Yes, you can come up with a lot of writers like Faulkner and McCarthy who have long dense passages in their novels, even at the beginning of the novel. Well, my response to that is “You’re not Faulkner or McCarthy. And neither am I.”

Believe it or not a good editor can tell right away from a glance at the manuscript whether or not the story she has in her hands is worth Oh, good grief, one more thing I have to worry about when it comes to writing!pursuing. I’m not talking about formatting errors here, although they are important as well. No, I mean what emotion or ‘sense of being’ does the story portray to the reader by how it looks on the page?

I’ve seen this very thing happen a lot and it’s happened to me, too.  It still happens to me, especially during first drafts. But I look back at some of my earlier stories and notice right away they’re just shaped all wrong.

The story itself is all right. They just look all wrong on the page.

Writing isn’t rocket science. You don’t need talent to be a good writer, though it helps, I think.* But this is one more facet you need to be aware of. Maybe not consciously. This doesn’t have to occupy the higher tiers of your brain and creative process when you are transferring the story initially from your brain to the page.

But after you finish the story, and the dust settles, and you come back to it fresh in two or three days, take a look at how it appears on the page.

Editors and publishers and agents all want that one story that will stand out over the others in their inbox. Because they receive literally hundreds (if not more) submissions a month, they aren’t first looking for a reason to buy your story…they’re looking for a reason to reject it.

Don’t give them this one excuse. It’s way too easy to fix. 🙂

*I do believe you need talent to elevate writing into a higher art form. But I freely admit that may also be a silly conceit.

Writing What Makes You Uncomfortable

About a week ago I was emailing a writing friend of mine who was having trouble generating story ideas. That got me to thinking about something I wrote on this topic a while back, and I want to revisit it because I think it’s one of the strongest things any writer can do.

This conversation we had puts me in mind of a story I toyed with years and years ago but was never able to make it come together. I was attending a pool party one weekend and the host and hostess (who were both over 50) had a baby. One of my friends said, “I don’t think that’s their baby” but I knew it was and they laughed and said, yes, “God played a trick on us.”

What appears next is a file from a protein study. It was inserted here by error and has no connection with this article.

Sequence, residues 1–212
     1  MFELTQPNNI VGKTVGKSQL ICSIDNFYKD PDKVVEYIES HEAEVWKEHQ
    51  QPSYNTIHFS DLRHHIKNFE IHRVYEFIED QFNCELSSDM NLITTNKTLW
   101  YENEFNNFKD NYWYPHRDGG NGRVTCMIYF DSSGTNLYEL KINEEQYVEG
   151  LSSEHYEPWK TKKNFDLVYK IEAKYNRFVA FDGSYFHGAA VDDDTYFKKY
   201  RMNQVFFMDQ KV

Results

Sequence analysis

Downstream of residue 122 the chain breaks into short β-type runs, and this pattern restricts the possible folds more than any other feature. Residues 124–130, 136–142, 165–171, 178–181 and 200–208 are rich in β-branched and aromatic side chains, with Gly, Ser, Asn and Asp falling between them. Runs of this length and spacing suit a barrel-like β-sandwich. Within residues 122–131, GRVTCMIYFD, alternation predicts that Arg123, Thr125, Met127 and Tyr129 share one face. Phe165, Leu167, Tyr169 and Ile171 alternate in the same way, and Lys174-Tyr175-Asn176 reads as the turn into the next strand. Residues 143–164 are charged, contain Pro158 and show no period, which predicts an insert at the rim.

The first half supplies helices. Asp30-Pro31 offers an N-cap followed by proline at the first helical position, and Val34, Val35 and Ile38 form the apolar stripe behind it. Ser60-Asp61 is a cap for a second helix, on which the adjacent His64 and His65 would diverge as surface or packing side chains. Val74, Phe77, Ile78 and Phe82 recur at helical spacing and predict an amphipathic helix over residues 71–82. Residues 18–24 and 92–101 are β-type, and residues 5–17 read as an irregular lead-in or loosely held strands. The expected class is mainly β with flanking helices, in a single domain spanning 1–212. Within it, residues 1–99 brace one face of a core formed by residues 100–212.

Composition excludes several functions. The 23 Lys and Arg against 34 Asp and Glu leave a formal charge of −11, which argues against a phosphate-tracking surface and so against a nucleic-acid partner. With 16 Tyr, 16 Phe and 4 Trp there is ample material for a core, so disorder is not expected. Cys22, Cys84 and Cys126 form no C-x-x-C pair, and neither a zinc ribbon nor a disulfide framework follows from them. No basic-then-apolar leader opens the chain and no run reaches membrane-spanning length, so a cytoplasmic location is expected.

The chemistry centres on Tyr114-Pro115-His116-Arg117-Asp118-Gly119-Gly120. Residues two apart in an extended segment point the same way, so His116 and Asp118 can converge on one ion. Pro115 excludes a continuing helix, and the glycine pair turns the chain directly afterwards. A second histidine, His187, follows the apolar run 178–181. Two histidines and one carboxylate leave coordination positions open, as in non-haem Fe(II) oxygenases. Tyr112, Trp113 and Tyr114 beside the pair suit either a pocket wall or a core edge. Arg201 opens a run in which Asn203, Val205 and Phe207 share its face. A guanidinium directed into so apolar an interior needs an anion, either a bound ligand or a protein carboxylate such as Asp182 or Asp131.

But as a writer I got to thinking. Where’s the story potential in something like this? On the face of it this is a yawner. They had a young daughter, maybe she was 14 or 15, I can’t remember. But what if that baby was HER baby and thy parents were pretending it was theirs to protect her, or whatever….especially if she had been raped by someone maybe…especially if the father of her baby was HER father.

So there you have it. An innocent and happy experience I had at a pool party degenerated into something dark and depraved. Hooray!  I was a happy writer with a brand new idea.

So, how to write the story?

I thought about this father being a government official and he takes in a spy who is resting up after a tough mission and the reader the spy’s eyes,Dig deep into your imagination to find the best stories. discover the secret. Then I thought it could also be written from the daughter’s POV, which would be better, with her taking care of what is ostensibly the parents’ baby while the party is going on.

The theme of the story would be how we all wear masks to hide our true selves from others.

I tried several starts at this story. It never came together. So I moved on to other ideas and other stories.

But this conversation I had with my writer friend also got me to thinking about how sometimes I scare myself with my own imagination. Sometimes my own imagination is my own worst enemy.

There have been times I have imagined something happening to people I know that just scares me so much it feels like I am on an abyss. Now, I know intellectually these things aren’t going to happen. But that doesn’t mean my imagination takes a holiday.

So, not to make this all about me, but my point being with is when you think of one idea it can lead to something else, which leads to something else, etc.

I can’t tell you how often  meet people who want to write say they have a story idea and they tell it to me and there’s nothing else to go on. It’s just one idea.

You may not think that’s much to quibble about, but I’m telling you as a professional seeing how you can take one idea, and elaborate on it and use that to generate something else, trust me on this…that’s a pretty important tool in your toolbox.

Find what makes you uncomfortable. Always. Discover what you want to say about that idea and how you need to tell the story.

Use your imagination. Scare yourself.

You can thank me later. Or blame me. For writers, this is also a win-win. 🙂

Shotokan Karate in the Old Takudai Dojo – 1946 Part II

Here is Part II of Kanazawa, Nakayama, Enoeda and many other karateka practicing in a rebuilt dojo after the original was destroyed in an Allied bombing raid.

Great historical stuff here. Part I was posted yesterday if you are interested in seeing that.